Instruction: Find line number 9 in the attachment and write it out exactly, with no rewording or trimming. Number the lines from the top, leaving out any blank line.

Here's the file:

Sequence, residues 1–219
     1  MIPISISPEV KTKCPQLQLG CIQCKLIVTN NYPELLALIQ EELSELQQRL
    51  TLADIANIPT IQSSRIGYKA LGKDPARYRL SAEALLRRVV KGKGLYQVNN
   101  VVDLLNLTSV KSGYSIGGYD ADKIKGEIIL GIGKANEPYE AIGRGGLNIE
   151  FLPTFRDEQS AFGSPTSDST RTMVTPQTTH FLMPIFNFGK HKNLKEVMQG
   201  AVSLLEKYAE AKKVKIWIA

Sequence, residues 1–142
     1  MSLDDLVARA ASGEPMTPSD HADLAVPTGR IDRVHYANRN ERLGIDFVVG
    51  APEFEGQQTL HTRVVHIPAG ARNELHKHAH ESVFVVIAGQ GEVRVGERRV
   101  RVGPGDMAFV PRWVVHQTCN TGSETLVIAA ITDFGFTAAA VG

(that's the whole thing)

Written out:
    51  APEFEGQQTL HTRVVHIPAG ARNELHKHAH ESVFVVIAGQ GEVRVGERRV